(d) heating the washed precipitate to about 37° C. to obtain a liquid tissue adhesive; and
(e) deep-freezing the liquid tissue adhesive until ready to use.
4. A method of tissue or organ adhesion in mammals which comprises applying onto the organ or tissue an amount sufficient to function as an adhesive of the adhesive as described in claim 1 and a mixture of thrombin and calcium chloride.
5. The method of claim 1, wherein the mixture of thrombin and calcium chloride is added to the adhesive prior to applying the tissue adhesive to the tissue or organ.
The invention relates to a tissue adhesive based on human or animal proteins containing factor XIII and fibrinogen.
It has long been known to use blood coagulating substances to stop bleeding and for sealing wounds. According to the first proposals of this kind, fibrin tampons and fibrin platelets, respectively, were used. During the Second World War, tissue adherence by means of blood plasma was suggested.
In recent times, a tissue adhesive based on fibrinogen and factor XIII for seamless interfascicular nerve transplantations in animal experiments has been described by H. Matras et al. in "Wiener Medizinischen Wochenschrift", 1972, page 517.
A further study was carried out by Spangler et al. in "Wiener Klinischen Wochenschrift", 1973, pages 1 to 7. Also there, the possibility was shown in animal experiments of carrying out a tissue adherence with the aid of fibrinogen as a cryoprecipitate and thrombin.
These known preparations have not yet proven to be satisfactory since they do not sufficiently meet the demands required of a tissue adhesive, i.e.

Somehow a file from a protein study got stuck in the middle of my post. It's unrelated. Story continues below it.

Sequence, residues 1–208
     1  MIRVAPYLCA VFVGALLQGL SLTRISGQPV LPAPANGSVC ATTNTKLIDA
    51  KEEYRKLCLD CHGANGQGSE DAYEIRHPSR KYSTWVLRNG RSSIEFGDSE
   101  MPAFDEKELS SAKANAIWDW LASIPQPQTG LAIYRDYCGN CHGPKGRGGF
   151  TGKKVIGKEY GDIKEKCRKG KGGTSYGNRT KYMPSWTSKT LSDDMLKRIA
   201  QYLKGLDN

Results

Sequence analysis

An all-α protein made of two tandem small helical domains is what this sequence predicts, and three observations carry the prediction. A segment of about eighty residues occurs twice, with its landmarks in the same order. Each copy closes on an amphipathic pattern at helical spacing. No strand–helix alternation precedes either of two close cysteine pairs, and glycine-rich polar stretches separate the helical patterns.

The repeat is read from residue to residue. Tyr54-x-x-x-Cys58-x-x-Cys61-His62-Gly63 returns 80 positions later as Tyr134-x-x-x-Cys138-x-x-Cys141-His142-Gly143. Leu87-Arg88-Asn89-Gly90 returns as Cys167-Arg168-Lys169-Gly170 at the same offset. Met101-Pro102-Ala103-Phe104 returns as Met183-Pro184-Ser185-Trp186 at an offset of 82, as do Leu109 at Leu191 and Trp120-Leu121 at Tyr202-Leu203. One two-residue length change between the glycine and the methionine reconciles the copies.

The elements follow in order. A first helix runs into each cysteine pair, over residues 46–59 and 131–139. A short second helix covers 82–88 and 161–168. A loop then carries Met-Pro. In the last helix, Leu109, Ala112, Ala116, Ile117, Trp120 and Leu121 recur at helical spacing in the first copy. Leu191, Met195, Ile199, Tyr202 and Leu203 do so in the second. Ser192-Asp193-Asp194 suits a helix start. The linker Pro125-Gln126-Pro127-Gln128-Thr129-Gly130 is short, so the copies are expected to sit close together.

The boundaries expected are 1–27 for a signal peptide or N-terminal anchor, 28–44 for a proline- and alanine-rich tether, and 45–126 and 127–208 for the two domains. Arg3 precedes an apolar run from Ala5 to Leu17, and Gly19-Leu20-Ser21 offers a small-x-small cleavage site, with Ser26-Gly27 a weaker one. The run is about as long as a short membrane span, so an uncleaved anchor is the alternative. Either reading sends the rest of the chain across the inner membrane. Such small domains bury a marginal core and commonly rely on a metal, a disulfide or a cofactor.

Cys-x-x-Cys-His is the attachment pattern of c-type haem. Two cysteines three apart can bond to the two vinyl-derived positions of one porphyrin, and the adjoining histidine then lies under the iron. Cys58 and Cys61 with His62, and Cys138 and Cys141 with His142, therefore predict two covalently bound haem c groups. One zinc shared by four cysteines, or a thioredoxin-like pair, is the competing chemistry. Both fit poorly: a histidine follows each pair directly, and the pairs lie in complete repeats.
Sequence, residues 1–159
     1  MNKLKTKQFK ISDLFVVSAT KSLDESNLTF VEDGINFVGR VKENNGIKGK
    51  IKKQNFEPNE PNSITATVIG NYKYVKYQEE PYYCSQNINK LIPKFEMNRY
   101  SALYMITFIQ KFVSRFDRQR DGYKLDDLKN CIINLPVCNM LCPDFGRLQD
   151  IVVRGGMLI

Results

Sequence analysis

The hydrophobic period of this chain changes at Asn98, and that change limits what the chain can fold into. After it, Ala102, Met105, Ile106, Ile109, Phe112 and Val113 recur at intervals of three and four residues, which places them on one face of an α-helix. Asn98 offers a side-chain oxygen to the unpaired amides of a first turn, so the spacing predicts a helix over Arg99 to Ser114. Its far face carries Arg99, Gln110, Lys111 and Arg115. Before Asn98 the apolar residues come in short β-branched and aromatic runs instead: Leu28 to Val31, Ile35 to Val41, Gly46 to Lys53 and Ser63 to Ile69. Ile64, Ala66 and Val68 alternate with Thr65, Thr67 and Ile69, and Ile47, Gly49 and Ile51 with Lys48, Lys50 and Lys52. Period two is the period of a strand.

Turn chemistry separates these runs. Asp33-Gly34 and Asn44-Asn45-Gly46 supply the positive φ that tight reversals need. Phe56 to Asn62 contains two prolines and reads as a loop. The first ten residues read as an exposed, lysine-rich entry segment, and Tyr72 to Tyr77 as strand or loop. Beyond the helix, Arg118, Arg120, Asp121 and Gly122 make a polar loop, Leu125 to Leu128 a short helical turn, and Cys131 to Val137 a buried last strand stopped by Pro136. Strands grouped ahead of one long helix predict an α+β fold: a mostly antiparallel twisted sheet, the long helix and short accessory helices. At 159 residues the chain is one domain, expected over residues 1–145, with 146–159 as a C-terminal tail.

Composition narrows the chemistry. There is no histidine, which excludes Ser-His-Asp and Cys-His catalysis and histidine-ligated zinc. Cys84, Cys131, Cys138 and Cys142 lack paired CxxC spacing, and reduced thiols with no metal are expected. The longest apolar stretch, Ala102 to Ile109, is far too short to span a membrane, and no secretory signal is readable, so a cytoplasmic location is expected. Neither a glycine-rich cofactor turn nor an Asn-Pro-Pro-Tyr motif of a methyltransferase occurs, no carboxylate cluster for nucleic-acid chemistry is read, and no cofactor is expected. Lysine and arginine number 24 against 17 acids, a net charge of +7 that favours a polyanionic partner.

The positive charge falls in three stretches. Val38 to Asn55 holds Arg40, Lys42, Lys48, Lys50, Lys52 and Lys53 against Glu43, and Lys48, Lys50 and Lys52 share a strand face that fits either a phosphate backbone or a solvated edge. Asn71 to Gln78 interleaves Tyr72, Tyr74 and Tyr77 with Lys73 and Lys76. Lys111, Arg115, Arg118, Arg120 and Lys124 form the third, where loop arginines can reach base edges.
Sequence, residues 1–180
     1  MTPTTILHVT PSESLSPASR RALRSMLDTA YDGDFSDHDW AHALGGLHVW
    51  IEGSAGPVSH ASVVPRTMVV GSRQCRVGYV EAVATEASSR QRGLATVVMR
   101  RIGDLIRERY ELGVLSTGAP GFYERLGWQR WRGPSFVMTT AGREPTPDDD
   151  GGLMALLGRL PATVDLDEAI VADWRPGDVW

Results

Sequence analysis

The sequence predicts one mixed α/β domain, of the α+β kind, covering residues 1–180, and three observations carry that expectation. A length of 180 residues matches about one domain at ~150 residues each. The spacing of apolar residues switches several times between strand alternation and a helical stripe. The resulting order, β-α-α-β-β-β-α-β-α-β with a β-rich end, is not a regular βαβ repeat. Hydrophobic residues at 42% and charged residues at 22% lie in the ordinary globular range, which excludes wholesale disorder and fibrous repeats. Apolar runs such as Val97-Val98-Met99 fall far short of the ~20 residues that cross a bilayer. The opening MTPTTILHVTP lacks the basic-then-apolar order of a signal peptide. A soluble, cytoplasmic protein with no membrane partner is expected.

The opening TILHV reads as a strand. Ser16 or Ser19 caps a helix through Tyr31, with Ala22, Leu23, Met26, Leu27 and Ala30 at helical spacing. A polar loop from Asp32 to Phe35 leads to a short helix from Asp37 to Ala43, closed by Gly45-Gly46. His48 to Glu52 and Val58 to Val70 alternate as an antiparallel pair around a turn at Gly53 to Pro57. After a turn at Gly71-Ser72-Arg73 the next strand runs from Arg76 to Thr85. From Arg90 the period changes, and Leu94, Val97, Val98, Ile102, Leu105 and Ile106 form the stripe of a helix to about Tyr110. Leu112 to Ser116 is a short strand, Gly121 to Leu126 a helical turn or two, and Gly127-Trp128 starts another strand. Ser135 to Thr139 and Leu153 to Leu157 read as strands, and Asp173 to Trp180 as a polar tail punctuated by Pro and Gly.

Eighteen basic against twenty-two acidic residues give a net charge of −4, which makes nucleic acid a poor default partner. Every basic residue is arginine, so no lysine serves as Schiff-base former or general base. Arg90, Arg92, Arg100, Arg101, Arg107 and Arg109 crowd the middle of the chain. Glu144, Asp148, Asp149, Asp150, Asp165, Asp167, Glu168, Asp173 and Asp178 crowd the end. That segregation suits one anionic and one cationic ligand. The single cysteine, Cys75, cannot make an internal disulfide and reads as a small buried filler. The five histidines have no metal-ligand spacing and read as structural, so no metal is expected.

(a) a high straining capacity of the adherences and wound sealings as well as safe and permanent blood stopping, i.e. good adhering capacity of the adhesive to the wound and tissue surfaces, as well as high internal strength of the same,
(b) controllable durability of the adherences in the body,
(c) complete absorbability of the adhesive in the course of the wound healing process,
(d) properties which stimulate wound healing. This may partly be due to the fact that, in the known preparations, the coagulation factors necessary for stopping bleeding have not been present in an optimal proportion to one another, and also to the fact that the fibrinolytic activity in the area of adherence has not been sufficiently under control. Premature dissolutions of the tissue adherences frequently occurred due to enzymatic influence.
The invention is aimed at avoiding these disadvantages and difficulties and has as its object to provide a tissue adhesive on the basis of fibrinogen and factor XIII of human or animal origin, which adhesive meets the requirements initially set out.
The invention is based on the finding that it is necessary to provide a certain ratio of fibrinogen to factor XIII and that the fibrinolytic activity is inhibited by a certain amount of an inhibitor.